There is a sense of d é j à vu in the pending Hulu Selangor by-election. Recall the 2007 by-election in the Selangor state seat of Ijok when the Barisan Nasional (BN) entered the ring to do battle with Parti Keadilan Rakyat (PKR). Once again we see the same two antagonists prepare for combat, albeit this time in a federal constituency, but the factors involved remain almost identical.
Firstly, the voters’ demographics in Hulu Selangor tell us that there are approximately 54% Malays, 19% Indian and 27% Chinese, while in 2007, Ijok had more or less the same voters’ ethnic make-up with only the Chinese and Indians switching percentages, namely 52% Malays, 28% Indians and 20% Chinese.
Secondly, Anwar Ibrahim is currently under siege, where he faces a bizarre repeat of a sodomy charge as well as loss of political credibility with the recent defections of a number of PKR MPs, two of whom he claimed as personal friends. To add to his woes, the demise of the late PKR MP in the Hulu Selangor federal constituency has been a major blow to the party where now a win in the by-election assumes imperative implications.
The situation for the Hulu Selangor by-election is virtually identical to the scenario during the 2007 Ijok by-election. Prior to Ijok, Anwar’s campaigning in the Sarawak state elections failed to make any impact. Both Anwar Ibrahim and PKR were then striving for political survival, credibility and renewed morale, where a win in the Ijok by-election assumed almost vital significance.
Thirdly, it is likely that despite the Malay majority in the Hulu Selangor constituency, PM Najib Tun Razak may confirm G Palanivel from MIC as the BN candidate for the by-election, unless, of course, that remarkable MIC party president does an eleventh-hour change to his party’s nomination. Now, while this is improbable it’s not quite impossible as we know S Samy Vellu well, of his manoeuvring which has kept him as MIC's No 1 for years.
Samy himself is not unaware that a Palanivel nominated, elected and appointed as a cabinet minister will become an even bigger threat to his position as MIC president, and will in all likelihood expedite his obliteration from the political landscape. In fact one shouldn’t be in the least surprised if he forwards to Najib his own name, toupee and all [maniacal laughter]. Thus, between now and April 14, it's virtually more than a political life time for Palanivel.
But at least this time in Hulu Selangor we will be spared his boast of conducting 10 years due of public works in a month (or was it three?) as he did in the Ijok by-election, all complete with 600 Janome sewing machines.
And once again, as in Ijok, PKR will pick a Malay as its candidate. I am not sure whether this has to do with its policy of picking a local boy or an absence of suitable Indian candidates, or its must-win-at-all-cost strategy a la the 2007 Ijok by-election.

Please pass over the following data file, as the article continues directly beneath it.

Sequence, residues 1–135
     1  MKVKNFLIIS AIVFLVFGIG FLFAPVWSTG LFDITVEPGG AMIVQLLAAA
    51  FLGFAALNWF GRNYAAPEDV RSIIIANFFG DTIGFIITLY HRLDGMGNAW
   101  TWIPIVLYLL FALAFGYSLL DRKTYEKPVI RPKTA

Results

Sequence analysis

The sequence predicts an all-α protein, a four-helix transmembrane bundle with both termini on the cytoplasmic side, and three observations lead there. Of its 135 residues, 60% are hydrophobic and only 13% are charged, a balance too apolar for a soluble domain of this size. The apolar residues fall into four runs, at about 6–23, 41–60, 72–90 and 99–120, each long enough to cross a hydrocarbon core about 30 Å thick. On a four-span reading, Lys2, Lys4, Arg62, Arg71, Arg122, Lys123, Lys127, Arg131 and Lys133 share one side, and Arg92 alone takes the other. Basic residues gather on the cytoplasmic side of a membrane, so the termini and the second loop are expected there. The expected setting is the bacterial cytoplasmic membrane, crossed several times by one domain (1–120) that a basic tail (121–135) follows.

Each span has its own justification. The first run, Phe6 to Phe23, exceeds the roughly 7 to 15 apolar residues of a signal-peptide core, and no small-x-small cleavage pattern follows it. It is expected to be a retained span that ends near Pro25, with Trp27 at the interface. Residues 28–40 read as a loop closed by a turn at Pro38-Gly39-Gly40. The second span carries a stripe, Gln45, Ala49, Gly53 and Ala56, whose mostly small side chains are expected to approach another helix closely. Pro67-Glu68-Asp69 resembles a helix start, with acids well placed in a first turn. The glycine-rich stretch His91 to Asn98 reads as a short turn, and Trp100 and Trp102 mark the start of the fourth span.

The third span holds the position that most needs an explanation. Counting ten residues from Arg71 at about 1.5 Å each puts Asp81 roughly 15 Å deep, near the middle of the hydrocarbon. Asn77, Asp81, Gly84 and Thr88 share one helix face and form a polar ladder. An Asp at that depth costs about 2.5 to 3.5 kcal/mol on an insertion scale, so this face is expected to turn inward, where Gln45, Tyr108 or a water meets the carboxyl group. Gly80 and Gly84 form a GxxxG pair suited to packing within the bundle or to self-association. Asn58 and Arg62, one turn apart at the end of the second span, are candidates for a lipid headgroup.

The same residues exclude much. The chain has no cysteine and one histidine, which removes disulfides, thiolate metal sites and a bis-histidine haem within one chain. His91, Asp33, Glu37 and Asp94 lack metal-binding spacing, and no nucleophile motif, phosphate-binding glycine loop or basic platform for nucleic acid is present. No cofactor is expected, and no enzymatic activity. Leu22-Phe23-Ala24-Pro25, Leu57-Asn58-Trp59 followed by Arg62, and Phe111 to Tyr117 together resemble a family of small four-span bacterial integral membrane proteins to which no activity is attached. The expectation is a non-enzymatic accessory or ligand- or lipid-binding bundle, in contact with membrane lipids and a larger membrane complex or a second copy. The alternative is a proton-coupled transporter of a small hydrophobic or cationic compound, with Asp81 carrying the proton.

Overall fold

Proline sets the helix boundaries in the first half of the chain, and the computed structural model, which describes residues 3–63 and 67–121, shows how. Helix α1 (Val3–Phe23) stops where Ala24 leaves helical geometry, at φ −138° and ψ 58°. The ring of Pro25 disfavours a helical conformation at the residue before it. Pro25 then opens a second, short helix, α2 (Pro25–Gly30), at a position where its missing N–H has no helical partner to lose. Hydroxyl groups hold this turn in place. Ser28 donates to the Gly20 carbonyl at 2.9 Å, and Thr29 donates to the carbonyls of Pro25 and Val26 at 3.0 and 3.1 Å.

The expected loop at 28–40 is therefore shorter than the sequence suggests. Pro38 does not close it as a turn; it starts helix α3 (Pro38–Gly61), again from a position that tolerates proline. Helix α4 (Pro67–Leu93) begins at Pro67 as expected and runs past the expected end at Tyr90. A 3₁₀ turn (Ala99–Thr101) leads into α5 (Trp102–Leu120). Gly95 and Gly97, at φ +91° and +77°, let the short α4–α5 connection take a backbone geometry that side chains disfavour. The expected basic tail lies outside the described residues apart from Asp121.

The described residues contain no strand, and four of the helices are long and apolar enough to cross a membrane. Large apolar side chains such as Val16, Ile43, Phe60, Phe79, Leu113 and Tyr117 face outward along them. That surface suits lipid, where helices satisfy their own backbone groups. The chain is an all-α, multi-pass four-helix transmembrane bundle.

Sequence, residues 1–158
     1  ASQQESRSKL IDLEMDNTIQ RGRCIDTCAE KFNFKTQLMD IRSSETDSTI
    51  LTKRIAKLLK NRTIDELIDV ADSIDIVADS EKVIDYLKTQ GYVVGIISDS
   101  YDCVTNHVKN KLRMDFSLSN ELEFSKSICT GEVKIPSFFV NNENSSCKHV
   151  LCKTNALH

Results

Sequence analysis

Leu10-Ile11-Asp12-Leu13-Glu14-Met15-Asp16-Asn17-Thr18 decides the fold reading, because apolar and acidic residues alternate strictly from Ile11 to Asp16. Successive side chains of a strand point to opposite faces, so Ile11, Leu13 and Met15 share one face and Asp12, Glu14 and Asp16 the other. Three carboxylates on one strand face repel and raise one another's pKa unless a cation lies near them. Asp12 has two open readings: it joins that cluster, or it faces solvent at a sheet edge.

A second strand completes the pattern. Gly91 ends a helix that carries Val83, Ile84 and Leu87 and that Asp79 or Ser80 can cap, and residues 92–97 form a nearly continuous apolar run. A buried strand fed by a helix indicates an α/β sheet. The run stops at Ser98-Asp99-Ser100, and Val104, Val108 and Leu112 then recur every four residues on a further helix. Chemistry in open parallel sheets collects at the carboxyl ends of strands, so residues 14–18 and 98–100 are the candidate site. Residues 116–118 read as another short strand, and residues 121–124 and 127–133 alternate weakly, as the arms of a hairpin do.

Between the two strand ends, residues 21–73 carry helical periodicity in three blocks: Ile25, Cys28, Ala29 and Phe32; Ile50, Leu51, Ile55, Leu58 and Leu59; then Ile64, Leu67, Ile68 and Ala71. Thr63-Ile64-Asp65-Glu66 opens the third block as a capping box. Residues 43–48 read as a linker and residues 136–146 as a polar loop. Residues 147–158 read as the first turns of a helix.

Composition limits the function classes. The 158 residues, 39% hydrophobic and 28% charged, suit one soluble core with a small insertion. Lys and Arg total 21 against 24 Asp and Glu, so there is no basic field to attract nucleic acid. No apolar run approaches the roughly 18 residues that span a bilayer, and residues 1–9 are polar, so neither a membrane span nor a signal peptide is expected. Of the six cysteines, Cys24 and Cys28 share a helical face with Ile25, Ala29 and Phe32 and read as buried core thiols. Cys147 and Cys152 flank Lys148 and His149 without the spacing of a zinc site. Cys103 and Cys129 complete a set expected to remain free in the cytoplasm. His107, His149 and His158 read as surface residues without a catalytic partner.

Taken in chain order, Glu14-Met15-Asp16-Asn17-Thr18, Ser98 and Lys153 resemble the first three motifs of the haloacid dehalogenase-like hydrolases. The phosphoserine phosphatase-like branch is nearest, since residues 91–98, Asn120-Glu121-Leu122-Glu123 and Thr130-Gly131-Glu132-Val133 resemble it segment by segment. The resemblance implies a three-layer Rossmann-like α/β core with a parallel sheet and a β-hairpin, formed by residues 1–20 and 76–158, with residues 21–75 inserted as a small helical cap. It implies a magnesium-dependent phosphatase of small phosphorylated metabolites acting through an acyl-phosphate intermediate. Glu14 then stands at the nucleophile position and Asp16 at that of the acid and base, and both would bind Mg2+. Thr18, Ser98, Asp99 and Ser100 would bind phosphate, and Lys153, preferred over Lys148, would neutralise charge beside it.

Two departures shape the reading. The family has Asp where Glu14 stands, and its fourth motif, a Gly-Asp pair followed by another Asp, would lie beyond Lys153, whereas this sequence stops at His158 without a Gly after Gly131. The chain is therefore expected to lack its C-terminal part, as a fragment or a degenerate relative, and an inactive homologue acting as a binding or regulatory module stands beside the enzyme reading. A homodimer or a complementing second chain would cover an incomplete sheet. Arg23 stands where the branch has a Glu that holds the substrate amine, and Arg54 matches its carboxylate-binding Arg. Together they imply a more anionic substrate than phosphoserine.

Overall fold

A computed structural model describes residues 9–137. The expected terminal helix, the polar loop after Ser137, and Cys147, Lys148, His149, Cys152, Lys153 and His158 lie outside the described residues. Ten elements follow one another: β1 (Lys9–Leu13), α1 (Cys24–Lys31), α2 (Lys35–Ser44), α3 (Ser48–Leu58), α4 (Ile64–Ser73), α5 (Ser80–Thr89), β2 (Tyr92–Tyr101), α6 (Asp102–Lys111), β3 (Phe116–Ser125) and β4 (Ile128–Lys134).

On the other side of the coin, if Selangor Umno succeeds in pushing Mohamad Taib’s candidature, or Najib wanting to play safe in Hulu Selangor by also nominating a Malay candidate, then we have to conclude that Najib has either no confidence in his own ‘1Malaysia’ or succumbed to party pressure.
Strangely on the issue of an Indian candidate, this time I don’t hear appeals from the Indian sector of PKR or NGOs or other Indian leading personalities for PKR to nominate an Indian candidate.
In 2007, PKR Youth vice-chief S Manikavasagam has expressed his unhappiness with Khalid Ibrahim’s candidacy, pointing out precisely what I have just written, that despite Ijok being a constituency with 50% Malay voters, BN fielded an Indian candidate, but alas, not PKR.
Nallakarupan, then a vice-president in PKR, was reported to be very disappointed when Anwar Ibrahim selected a political ‘parachutist’ over him. There was also a claim that PAS was then against PKR selecting a non-Malay candidate for Ijok and a rumoured pre-condition for PAS to support PKR in the election campaigning was for the PKR candidate to be a Malay.
I wonder whether this time the silence from non-BN Indians about PKR not selecting an Indian candidate has to do with the lesser percentage of Indian voters in Hulu Selangor?
The sole exception has been Manoharan from the DAP. Mind you, I believe Manoharan’s rather radical proposal for PKR and DAP to swap Hulu Selangor (allocated to PKR) for Batu Kawan (allocated to DAP and currently held by Dr Ramasamy) and for DAP to nominate Uthayakumar as candidate for Hulu Selangor has more to do with mollifying the anti-DAP leader of the Human Rights Party and getting him onside with Pakakan.
Fourthly, we may once again view the coming Hulu Selangor challenge as another proxy war between Anwar Ibrahim and his political b ê te noire Najib for the de facto leadership of the heartland.
To conclude, the pros and cons for both BN and PKR candidates are just too numerous and varied to enumerate, where we need an expert like Ong Kian Ming to do justice to a forecast on the likely by-election result.
But perhaps a layperson’s simplified version by adopting the assumption that 70% of Hulu Selangor Chinese and 25% Indians still support Pakatan and thus PKR, leads us to the conclusion that PKR must win at least 50% of the Malay votes to scrape through or we’ll witness another piece of d é j à vu, that of G Palanivel repeating Partiban’s victory in the 2007 Ijok by-election.
Given the demographic breakdown of Hulu Selangor, perhaps the more important question is whether the by-election outcome may be a bellwether for the outcome of the next general election? PKR and no doubt PAS will be watching very keenly the voters’ choice.